Four Words the Fair Credit Reporting Act Has Class Action Plaintiffs and Their Lawyers Repeating: "Show Me The Money!"

by BakerHostetler

Over the past few years, the Fair Credit Reporting Act (FCRA), the federal law mandating, among other things, procedures and reporting requirements employers must follow when conducting background checks through a third party vendor, has become a hot-button employment issue, and a lucrative one for class action plaintiff attorneys. Similar to other class actions involving technical violations, like wage and hour and "seating" lawsuits, plaintiff class action attorneys have latched on to technical requirements in the law providing for statutory damages when violated. The motivation driving these lawsuits? The promise of easy money.

Generally, to comply with the FCRA, an employer seeking an investigative consumer background report (conducted by a third party) on its employees or applicants must: (1) make a clear and accurate written disclosure to the employee/applicant of its intent to obtain the investigative consumer report; (2) obtain express authorization from the employee/applicant to obtain the investigative consumer report; (3) give the employee/applicant a pre-adverse action notice if the employer plans to take an adverse action against the employee/applicant based on the information contained in the investigative consumer report; and (4) provide the employee/applicant with an adverse action notice after taking the adverse action. Among other requirements, effective January 1, 2013, the FCRA requires that the employer provide an updated "A Summary of Your Rights Under the Fair Credit Reporting Act" to employees/applicants when an employer provides the pre-adverse action notice.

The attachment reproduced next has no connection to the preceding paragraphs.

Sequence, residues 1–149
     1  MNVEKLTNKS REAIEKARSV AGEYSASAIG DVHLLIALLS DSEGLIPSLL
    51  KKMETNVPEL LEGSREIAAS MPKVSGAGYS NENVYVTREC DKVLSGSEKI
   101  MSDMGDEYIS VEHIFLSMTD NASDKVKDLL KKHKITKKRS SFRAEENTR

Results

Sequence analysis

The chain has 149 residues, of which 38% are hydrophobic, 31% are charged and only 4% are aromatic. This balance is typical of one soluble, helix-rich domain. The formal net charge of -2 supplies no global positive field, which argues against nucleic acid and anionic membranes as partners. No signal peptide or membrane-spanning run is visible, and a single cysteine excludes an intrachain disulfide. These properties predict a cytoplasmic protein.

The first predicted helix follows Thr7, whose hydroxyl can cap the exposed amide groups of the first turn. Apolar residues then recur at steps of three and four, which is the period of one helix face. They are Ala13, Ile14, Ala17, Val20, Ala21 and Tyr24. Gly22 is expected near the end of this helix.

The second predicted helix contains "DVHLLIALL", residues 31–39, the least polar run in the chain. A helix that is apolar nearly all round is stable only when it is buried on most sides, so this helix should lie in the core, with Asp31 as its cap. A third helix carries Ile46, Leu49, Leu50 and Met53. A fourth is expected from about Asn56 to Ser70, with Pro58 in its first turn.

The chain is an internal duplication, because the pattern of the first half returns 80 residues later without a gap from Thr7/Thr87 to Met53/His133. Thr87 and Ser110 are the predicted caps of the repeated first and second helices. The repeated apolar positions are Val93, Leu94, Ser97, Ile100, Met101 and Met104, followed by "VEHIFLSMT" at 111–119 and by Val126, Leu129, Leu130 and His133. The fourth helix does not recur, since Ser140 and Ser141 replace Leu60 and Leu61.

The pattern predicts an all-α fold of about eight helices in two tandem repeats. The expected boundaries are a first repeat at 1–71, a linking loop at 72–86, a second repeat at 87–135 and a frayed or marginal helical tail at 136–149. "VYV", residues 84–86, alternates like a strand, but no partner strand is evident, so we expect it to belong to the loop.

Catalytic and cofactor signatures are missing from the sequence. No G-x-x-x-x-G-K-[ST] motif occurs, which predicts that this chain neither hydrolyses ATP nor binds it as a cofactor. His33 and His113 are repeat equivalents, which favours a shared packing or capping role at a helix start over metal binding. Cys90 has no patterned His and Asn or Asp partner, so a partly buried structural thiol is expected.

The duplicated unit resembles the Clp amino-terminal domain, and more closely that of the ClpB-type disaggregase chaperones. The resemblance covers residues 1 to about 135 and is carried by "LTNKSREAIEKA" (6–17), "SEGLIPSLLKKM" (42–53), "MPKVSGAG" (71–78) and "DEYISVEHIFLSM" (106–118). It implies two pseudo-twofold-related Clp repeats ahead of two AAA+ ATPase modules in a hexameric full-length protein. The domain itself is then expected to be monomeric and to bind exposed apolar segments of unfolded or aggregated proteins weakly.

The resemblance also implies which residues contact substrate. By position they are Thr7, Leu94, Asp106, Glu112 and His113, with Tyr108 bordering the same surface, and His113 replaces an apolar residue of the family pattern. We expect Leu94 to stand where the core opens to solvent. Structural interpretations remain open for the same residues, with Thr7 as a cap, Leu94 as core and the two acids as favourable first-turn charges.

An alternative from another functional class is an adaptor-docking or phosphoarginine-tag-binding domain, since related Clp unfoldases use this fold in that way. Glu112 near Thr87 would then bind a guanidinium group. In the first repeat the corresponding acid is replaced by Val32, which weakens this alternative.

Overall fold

In addition to the FCRA's technical requirements, the damages available for FCRA violations make them targets for class action lawsuits. Where an employer willfully violates the FCRA (which includes both a "knowing" and "reckless" standard), a plaintiff may collect any actual damages sustained or statutory damages between $100 at the lowest end and $1,000 at the highest end without having to prove any actual damages, punitive damages (if proven) and, if the prevailing party, the costs of the litigation together with reasonable attorneys' fees.

Incidentally, where an employer has negligently violated the FCRA, a plaintiff may collect any actual damages sustained and, if the prevailing party, the costs of the litigation together with reasonable attorneys' fees. Because actual damages would have to be proven for each alleged violation, lawsuits based on negligent action are likely less suitable for class action treatment.

With the potential to collect statutory damages, the possibility of punitive damages and the ability to obtain attorneys' fees and costs, the FCRA can be a class action plaintiff's lawyer's dream. Over the past few years, class action plaintiffs and their attorneys have increased the filing of class action lawsuits alleging willful violations of the FCRA, and this trend is not slowing. A search of recent class action filings shows that in the past few months numerous class actions alleging willful FCRA violations by employers were filed in federal courts across the country. Given that actual damages for each employee/applicant are likely to be very low (or nothing) and difficult to prove, and the cost to an employee/applicant to litigate an individual statutory violation generally outweighs the reward, the class action mechanism will continue to be the preferred tool for bringing these lawsuits. Large and small employers alike must be vigilant, as a two-year statute of limitations applies and numerous applicants/employees may be involved over that period, making up a large class.